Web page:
As Wall Street takes a magnifying glass to companies' books, it's starting to see some one-time charges in a different light. Companies have a good deal of latitude in determining which expenses qualify as operating costs and which don't, a question that's important because it affects reported earnings. In normal times, analysts and investors tend to give executives the benefit of the doubt on these matters. But these times are anything but normal, what with the Enron scandal echoing through the halls of Congress and various other companies facing SEC inquiries of varying degrees of severity. Now, as giant discounter Wal-Mart ( WMT) prepares to kick off retail earnings season, analysts and investors are increasingly scrutinizing one-time charges. And as the decline in shares of companies like Tyco shows, when Wall Street decides it doesn't like a company's bookkeeping -- whether the accounting's proper or not -- there's often hell to pay.
The Other Side
Take New York-based Ann Taylor ( ANN), which last month set a $17 million pretax charge to cover various costs. Some analysts raised an eyebrow at the company's writedown of certain costs associated with ordering spring and fall merchandise, saying order cancellations are simply part of doing business. "I think that clearly falls on the other side" of what is normally considered a proper charge, says one hedge fund manager who is short Ann Taylor stock. "Retailers always overorder or underorder. To say that a routine act of doing business is a charge is absurd." Indeed, in the wake of the Sept. 11 terrorist attacks many retailers found themselves trying to cancel orders for holiday merchandise, this person says. Yet he can think of no other retailer that took charges for those costs. Ann Taylor representatives didn't return a call seeking comment. Of course, a single item that raises questions wouldn't in itself be cause for concern, investors say. But observers note that Ann Taylor issued earnings warnings in each of the four quarters of 2001; the company's results in some cases diverged wildly from what Wall Street was expecting. That kind of track record can cause people to question whether the expenses covered in the latest period's charge were legitimately nonoperating. Moreover, retail investors note that the best-managed companies, the leaders in the industry such as Wal-Mart and Home Depot ( HD), rarely, if ever, announce one-time charges. Charges complicate the business of gauging earnings quality: companies normally tout their earnings figure prior to the charges, and that can make it difficult to compare one year's financials to another. "I think that's always a concern," says Brian Postol, who covers retail companies for A.G. Edwards. "It's something in this environment that's not well received."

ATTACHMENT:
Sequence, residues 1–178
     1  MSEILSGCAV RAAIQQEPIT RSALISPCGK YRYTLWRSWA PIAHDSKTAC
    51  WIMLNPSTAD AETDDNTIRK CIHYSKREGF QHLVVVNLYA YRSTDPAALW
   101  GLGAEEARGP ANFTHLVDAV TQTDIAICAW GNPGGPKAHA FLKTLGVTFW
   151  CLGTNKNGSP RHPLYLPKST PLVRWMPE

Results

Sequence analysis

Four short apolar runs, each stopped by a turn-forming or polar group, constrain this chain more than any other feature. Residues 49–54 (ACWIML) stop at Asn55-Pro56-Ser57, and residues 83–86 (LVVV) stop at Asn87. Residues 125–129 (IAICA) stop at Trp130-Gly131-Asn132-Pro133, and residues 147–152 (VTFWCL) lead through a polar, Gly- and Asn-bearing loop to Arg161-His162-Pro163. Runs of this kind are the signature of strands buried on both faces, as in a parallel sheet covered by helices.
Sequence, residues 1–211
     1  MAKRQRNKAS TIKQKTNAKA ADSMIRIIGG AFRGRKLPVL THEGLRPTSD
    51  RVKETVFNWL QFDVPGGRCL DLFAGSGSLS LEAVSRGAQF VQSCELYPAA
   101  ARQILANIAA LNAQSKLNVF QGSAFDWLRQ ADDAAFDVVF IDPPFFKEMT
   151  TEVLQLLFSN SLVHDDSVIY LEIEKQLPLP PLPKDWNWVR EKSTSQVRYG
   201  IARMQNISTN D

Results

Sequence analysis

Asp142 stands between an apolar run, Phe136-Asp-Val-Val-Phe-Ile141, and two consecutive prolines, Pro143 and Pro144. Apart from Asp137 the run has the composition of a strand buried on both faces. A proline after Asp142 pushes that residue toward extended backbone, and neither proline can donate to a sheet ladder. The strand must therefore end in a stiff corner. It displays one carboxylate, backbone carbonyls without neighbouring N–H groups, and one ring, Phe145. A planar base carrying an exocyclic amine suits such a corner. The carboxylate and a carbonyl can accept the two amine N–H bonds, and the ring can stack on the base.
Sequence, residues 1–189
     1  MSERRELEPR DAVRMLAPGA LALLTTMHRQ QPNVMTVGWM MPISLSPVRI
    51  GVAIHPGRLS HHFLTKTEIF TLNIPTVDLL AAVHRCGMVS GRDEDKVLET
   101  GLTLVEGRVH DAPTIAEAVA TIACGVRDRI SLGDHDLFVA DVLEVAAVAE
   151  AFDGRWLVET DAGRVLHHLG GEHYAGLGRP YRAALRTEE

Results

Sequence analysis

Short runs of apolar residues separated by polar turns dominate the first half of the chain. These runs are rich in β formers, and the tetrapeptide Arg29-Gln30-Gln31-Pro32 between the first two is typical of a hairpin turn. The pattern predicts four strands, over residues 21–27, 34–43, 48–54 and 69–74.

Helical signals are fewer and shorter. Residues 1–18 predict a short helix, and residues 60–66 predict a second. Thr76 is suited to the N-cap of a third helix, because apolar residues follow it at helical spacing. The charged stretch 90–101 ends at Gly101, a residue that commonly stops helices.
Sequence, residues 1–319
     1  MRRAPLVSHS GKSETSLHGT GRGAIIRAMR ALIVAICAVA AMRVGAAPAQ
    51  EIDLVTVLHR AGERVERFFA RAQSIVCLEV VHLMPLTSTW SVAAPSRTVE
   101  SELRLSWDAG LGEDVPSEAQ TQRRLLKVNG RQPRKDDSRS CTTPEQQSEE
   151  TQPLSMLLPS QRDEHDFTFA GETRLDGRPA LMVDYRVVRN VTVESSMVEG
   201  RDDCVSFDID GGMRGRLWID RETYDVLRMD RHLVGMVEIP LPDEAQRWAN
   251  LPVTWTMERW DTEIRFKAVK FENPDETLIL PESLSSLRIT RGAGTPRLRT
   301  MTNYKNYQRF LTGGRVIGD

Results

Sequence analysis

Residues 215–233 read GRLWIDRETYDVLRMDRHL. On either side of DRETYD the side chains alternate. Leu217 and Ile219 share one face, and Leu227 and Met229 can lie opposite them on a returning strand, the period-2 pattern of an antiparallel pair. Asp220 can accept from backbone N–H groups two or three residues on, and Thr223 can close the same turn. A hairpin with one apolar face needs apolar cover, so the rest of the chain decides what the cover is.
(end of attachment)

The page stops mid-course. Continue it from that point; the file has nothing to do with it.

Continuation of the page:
The Enron scandal and the ensuing accounting worries have some analysts dusting off charges from last year, taking a particular look at how companies account for inventory markdowns and job cuts. "The piece that is frequently bogus is the one-time charge related to head-count reduction," says the hedge fund manager, who is short Ann Taylor. In a testament to the heightened nerves on Wall Street, even charges at smaller companies that are normally off investors' radar screens are getting a second look. Witness Linens 'n Things ( LIN). The company, a much smaller rival to Bed Bath & Beyond ( BBBY), recently took a $23.7 million after-tax charge to write down fixed assets, terminate leases and mark down inventories to close 17 stores. Some observers note that the charge marks a break from the company's past practice of running store closings through operations. Linens 'n Things went so far as to state in its 1996 IPO prospectus that "the Company's policy for costs associated with stores closed in the normal course of business is to charge such costs to current operations." Shelly Hale, who covers the company for Banc of America Securities, published a report critical of the charge. She said that Linens 'n Things closed an average of 13 stores a year between 1996 and 2000 without taking any charges. Moreover, the charge Linens 'n Things took amounts to $1.4 million a store, up from the $200,000-per-store average for charges incurred in closing 66 stores between 1993 and 1995, when the company was still part of CVS predecessor Melville Corp. Hale has a market perform rating on Linens, and her firm doesn't have a banking relationship with the company. William Giles, Linens 'n Things' chief financial officer, says the company will give a more detailed breakdown of the charges in the footnotes of its annual report in March. He says the earlier store closings were mainly at smaller locations with leases that were close to expiration. "In most of those cases they were older stores with little asset value," he says. "There's no change in the way we are accounting for anything." Indeed, Linens 'n Things, based in Clifton, N.J., has plenty of defenders. "If they have made a corporate decision to get rid of bad stores, why not do it?" says Gary Balter of Credit Suisse First Boston. "They can do it, they are following the rules. This is not Enron." (He has a hold on the stock, and his firm does not have a banking relationship with the company.) Of course it isn't. But lately Wall Street has shown that a company needn't be Enron to face harsh scrutiny.